If I were to ask you a question about ways in which you could reduce your carbon footprint online, how would you respond?

Many people who are posed this question find it a lot harder to answer because the internet does not have the physical representation that a recycling bag full of cardboard does for example. If you cannot see the effects of your actions then it is often difficult to appreciate that the changes you are making actually are benefiting the environment. It is now more important than ever to have an established internet presence than it is to have an established physical presence. To this end the internet has become the glossy storefront windows of businesses peddling their various services and wares. Common tactics include high resolution graphics, animated pictures and colourful banners. The sheer number of websites is growing at an astounding rate, for example at the end of 1985 there were six websites, fast forward to the end of 2013 and there were 759 million websites with a prediction of 2 billion websites by the end of 2015. While the number of websites has grown out of control so has the size of an individual website. Compared to ten years ago, the average website is fifteen times larger. For example, 830 million tonnes of carbon dioxide are needed to just keep the internet going per year and this figure will only rise; to put that figure into perspective the entire commercial aviation industry (that’s 16,000 aircraft) produces 600 million tonnes of carbon dioxide per year. But it doesn’t need to be this way…


So what can you do to reduce this figure?

The reality is that reducing your online carbon footprint is just as easy, and may in fact require less effort, in comparison to more traditional and well known physical means of being more planet friendly. Taking up roughly 60% of the average website are images, by carefully selecting images which best communicate your message to customers you can both reduce your footprint and make your website load even quicker. A single high definition picture (1080p) is on average 3mb in size. An average video on YouTube is 10mb per five minutes at standard resolution. So let us assume for the sake of an example that your website has one high definition image and a five minute standard definition YouTube video, that’s a total of 13mb without text and any banners. If however you decide to display a picture in 720p and a standard definition YouTube video then your website will only total 6mb which requires just half the energy as before.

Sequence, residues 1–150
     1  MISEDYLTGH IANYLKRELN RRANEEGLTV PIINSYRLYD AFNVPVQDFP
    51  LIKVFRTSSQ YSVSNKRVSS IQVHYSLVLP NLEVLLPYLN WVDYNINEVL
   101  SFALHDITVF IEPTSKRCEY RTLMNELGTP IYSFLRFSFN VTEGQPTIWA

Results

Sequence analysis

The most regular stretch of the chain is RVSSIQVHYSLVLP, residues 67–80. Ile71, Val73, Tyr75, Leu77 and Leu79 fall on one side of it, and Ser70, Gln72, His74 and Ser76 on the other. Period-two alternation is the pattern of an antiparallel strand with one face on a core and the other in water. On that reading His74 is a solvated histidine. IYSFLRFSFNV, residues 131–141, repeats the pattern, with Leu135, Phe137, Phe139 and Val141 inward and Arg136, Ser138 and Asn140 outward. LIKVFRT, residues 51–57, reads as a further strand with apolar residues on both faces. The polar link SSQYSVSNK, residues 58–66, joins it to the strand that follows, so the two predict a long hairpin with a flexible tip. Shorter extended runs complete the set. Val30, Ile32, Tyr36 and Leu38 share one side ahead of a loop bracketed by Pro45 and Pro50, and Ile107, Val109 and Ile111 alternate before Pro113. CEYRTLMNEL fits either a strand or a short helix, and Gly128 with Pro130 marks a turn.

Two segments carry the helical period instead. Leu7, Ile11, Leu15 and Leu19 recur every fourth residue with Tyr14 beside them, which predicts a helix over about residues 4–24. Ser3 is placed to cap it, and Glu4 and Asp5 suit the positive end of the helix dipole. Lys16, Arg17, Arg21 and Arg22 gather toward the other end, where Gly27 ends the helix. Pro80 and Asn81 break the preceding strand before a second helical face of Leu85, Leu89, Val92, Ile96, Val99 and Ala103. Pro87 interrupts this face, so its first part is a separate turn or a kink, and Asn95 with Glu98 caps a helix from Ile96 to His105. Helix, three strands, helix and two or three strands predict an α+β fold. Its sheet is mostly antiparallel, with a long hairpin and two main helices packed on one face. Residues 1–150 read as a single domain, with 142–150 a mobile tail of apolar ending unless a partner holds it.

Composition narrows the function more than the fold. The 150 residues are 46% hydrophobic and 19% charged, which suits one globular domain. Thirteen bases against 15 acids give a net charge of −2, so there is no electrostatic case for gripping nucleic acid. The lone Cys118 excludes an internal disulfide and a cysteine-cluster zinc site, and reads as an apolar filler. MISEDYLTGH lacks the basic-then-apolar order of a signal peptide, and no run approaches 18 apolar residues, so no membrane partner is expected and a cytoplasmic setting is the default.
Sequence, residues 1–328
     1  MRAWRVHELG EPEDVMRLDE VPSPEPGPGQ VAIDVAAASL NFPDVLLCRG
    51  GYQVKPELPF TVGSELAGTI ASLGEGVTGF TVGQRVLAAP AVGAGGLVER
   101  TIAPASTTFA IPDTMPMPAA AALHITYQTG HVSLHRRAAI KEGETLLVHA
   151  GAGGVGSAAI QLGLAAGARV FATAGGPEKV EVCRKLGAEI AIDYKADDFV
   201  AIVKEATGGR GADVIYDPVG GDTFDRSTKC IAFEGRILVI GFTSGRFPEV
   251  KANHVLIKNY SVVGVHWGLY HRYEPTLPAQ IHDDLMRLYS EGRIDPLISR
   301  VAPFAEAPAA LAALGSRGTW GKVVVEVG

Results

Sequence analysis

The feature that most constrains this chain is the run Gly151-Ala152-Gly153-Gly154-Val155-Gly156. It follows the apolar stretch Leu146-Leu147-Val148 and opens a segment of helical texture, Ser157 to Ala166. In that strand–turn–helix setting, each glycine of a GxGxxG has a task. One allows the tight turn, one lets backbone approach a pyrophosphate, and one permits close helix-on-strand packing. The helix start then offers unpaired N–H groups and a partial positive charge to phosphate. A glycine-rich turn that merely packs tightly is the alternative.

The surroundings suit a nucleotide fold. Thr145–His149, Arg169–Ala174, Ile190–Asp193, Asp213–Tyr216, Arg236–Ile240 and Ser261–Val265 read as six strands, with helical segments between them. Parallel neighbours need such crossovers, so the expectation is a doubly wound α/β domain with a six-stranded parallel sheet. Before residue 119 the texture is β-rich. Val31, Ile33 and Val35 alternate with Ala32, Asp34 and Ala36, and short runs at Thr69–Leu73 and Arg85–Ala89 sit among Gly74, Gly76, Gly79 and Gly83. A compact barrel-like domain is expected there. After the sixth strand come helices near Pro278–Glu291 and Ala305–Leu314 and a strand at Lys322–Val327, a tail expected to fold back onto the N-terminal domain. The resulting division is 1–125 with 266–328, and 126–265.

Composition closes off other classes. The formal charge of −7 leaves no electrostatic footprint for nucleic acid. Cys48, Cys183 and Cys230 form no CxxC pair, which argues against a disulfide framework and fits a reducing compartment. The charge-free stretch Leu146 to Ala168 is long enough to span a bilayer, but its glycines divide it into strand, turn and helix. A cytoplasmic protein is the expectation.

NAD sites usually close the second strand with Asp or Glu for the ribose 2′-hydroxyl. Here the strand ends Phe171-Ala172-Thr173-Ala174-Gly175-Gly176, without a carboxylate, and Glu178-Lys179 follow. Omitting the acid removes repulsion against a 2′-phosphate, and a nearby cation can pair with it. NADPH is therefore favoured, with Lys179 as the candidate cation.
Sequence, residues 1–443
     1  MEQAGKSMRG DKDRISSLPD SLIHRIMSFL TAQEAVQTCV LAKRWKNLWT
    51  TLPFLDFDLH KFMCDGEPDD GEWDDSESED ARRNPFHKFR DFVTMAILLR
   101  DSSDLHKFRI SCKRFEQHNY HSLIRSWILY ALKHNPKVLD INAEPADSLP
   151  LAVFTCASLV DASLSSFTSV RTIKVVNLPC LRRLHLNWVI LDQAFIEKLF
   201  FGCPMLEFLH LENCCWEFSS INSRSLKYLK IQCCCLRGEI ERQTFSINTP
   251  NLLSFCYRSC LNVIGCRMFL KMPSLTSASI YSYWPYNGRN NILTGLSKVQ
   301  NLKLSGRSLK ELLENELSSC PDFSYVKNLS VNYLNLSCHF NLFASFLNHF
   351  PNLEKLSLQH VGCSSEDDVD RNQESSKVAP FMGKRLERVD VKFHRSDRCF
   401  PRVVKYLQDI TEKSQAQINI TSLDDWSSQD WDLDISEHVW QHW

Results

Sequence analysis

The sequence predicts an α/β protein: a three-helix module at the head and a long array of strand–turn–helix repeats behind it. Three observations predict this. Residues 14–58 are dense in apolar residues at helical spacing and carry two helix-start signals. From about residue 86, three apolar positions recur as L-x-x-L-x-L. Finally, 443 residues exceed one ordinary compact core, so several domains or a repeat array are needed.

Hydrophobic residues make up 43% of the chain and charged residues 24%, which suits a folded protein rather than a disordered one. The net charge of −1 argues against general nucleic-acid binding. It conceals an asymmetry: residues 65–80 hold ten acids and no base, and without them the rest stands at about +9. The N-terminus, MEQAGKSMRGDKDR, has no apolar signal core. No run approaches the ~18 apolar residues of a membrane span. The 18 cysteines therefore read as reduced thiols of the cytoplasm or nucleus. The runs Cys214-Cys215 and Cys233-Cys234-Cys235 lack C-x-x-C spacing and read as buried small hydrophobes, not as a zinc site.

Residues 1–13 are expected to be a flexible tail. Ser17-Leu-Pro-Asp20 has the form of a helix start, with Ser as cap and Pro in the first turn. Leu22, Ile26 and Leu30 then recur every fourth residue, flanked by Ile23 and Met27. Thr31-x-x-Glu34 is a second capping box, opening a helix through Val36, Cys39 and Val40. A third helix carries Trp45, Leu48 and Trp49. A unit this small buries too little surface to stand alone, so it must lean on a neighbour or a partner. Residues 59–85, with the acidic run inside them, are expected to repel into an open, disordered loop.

The act of reducing your online carbon footprint is really as simple as described above. For example, every 100 visitors to your eco-friendly website will save you 700mb of data; every 1,000 customers will save you 7 GB and 109 pounds of carbon emissions. That’s the equivalent of saving 5 gallons of fuel which will be enough to allow a 200 mile journey in a car doing 40mpg.

Let us now assume that you have optimised your website to make it as environmentally friendly as possible, what do you do now? The answer to this question is that you store it in a data centre which is powered by renewable energy. It is all well and good creating an eco-friendly website but if you store it in your average data centre then this heavily negates any benefits. For example, the average data centre uses the same amount of energy as 180,000 homes. So what can you do about it? An increasingly popular method of storing websites in an eco-friendly way is to use a carbon neutral web host such as Wunderism.  You can quickly see how making very small changes can begin to add up very quickly into a substantial difference. And these changes don’t just benefit you, removing unnecessary content will allow your webpage to load much faster which will make your customer happier and more likely to enlist your services.


Leave a Reply